IT and Business Insights for SMB Solution Providers

Axcient Adds Direct-to-Cloud Component to BDR Solution

The new system joins appliance-based BDR and image-based endpoint backup components in Axcient’s x360Recover platform, enabling MSPs to serve multiple customer needs through a single integrated platform. By Rich Freeman

Axcient has added a direct-to-cloud component to its x360Recover BDR solution.

The new system, called Axcient Direct to Cloud (D2C), is designed to provide all of the functionality of a hardware-based BDR system, including the ability to spin up complete virtualized recovery environments, without the hardware. That distinguishes the system from direct-to-cloud products that protect server and workstation images only, according to David Bennett, Axcient’s CEO.

“It’s more endpoint backup,” he says of competing systems, “as opposed to a disaster recovery/business continuity product.”

Combined with x360Recover’s previously introduced appliance-based BDR and image-based endpoint backup solutions, Bennett continues, Axcient D2C gives MSPs the flexibility to serve a variety of customer needs through a single integrated platform.

“As an MSP, it’s not either/or,” he explains. “You can say, ‘what is the best solution for my customer stack depending on access to the data, replication, how fast they need to get access to the data, and all the environments they need to operate in.’”

Axcient D2C shares a single, consolidated management console with x360Recover’s other data protection components. 

At present, the system supports 15-minute RPOs and one-hour RTOs. Those are slower recovery times than Axcient’s hardware-equipped BDR system and hardware-based products from other vendors. On the other hand, the direct-to-cloud option costs substantially less than a traditional BDR solution as well, notes Angus Robertson, Axcient’s chief revenue officer.

“You don’t have to have that hardware or the management of that hardware,” he says. That makes Axcient D2C a cost-effective choice for organizations that can tolerate small amounts of data loss and downtime, he adds.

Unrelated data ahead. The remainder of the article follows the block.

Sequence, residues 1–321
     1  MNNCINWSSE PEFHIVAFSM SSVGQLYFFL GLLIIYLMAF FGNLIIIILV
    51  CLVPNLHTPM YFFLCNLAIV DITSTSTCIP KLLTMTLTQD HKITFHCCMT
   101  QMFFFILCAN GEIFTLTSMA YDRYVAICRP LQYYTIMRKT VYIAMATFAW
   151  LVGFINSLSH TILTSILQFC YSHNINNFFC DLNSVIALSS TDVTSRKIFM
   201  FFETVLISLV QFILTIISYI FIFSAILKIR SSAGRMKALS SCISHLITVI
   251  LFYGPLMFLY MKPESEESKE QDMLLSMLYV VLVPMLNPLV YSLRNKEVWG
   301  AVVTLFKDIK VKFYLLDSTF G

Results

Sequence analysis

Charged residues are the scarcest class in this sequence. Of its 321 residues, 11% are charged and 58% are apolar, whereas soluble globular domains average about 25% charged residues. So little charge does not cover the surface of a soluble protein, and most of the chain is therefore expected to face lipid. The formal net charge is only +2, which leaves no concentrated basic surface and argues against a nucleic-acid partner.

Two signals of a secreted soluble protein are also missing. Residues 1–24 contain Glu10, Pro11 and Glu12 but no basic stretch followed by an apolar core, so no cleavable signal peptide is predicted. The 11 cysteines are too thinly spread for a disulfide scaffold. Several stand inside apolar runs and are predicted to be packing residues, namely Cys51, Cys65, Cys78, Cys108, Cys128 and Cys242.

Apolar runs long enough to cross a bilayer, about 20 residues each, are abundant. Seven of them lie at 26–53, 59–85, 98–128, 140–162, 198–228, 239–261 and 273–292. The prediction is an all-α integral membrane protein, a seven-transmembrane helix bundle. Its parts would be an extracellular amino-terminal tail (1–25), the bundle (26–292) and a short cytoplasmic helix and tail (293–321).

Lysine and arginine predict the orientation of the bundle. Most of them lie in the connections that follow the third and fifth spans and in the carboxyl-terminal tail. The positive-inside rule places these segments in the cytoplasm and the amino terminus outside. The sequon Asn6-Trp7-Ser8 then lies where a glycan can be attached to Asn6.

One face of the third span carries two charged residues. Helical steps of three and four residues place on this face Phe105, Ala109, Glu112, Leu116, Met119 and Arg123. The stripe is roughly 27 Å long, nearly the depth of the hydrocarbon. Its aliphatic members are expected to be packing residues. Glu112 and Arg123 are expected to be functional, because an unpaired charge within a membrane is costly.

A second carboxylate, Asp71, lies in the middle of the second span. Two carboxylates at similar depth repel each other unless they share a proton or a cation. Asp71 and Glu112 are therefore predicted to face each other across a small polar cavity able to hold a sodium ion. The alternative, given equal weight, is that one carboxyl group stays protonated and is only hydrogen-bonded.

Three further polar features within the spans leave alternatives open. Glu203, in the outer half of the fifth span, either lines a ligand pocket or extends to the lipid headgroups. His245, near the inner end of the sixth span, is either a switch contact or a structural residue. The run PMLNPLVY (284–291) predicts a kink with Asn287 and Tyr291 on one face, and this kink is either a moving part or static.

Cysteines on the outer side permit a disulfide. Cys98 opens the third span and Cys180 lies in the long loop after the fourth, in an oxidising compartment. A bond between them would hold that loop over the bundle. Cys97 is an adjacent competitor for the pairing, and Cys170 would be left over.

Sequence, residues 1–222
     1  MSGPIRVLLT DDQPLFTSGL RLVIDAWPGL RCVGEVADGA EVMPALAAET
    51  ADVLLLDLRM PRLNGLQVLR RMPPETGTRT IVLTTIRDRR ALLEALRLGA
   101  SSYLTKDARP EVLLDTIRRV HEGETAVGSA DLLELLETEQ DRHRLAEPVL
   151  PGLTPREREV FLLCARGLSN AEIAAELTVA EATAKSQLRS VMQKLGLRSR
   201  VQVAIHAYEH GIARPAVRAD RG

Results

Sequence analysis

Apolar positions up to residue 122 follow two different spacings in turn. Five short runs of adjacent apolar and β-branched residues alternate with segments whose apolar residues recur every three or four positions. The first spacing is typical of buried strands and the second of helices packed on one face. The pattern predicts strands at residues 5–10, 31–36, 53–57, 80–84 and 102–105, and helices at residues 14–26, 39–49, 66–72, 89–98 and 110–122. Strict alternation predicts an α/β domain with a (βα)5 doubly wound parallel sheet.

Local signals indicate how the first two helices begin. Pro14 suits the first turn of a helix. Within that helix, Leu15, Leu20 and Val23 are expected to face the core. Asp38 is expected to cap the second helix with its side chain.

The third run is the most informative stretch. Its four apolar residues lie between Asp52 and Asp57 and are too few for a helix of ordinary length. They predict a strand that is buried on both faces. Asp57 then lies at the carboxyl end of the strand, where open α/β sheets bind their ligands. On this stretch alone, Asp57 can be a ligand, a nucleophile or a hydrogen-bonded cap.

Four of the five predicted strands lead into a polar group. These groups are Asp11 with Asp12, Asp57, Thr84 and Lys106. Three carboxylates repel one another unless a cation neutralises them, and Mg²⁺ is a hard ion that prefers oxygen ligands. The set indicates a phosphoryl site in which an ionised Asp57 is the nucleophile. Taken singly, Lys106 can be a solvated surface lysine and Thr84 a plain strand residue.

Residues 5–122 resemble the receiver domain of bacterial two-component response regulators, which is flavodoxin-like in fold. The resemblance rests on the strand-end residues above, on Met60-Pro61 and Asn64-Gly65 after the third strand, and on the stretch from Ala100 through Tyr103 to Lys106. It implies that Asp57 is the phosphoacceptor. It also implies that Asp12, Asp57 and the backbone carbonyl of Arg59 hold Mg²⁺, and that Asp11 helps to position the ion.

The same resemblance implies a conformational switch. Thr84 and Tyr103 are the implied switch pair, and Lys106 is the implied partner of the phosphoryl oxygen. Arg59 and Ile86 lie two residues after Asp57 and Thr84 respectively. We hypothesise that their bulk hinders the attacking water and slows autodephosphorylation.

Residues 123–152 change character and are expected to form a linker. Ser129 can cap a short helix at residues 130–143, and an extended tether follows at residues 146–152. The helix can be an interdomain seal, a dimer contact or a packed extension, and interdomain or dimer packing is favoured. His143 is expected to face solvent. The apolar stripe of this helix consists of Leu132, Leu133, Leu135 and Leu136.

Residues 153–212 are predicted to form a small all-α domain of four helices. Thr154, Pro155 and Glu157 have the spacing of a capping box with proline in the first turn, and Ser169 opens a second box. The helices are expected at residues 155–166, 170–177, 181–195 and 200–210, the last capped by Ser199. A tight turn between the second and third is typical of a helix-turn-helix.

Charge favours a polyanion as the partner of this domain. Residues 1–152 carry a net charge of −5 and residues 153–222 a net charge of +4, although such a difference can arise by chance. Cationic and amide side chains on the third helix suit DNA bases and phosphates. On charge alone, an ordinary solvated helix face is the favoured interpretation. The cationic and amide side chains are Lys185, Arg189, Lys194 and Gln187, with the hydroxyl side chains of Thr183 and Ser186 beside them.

Significant enhancements to the solution are slated to appear over the next six months. At present, for example, configuring cloud recovery environments for customers requires assistance from Axcient’s support team. By early December, users will have access to self-serve functionality that lets them pre-define what order virtual machines boot up in, how much storage and memory they receive, what networking configuration they utilize, and more.

In addition, the system will gain much faster virtualization capabilities by Q1 of next year, including the ability to roll out a complete online recovery environment within minutes. “You can actually have that complete virtual office in the cloud and have that set up essentially instantly,” Robertson says.

Due in the first quarter of 2021 as well is the ability to store protected data in a third-party data center instead of Axcient’s. Buyers who opt to use Axcient’s cloud will receive flat-rate, unlimited storage and retention. Those who use their own cloud, or their client’s, will pay lower fees.

“The license cost is about half because you’re providing your own storage,” Robertson says.

At some point in 2021 yet to be determined, when the next release of Axcient D2C arrives, the system will let users store data in the Amazon Web Services and Microsoft Azure public clouds too.

In the meantime, before the end of this year, Axcient plans to begin letting x360Recover users copy structured data onto a local network-attached or USB-attached storage device.

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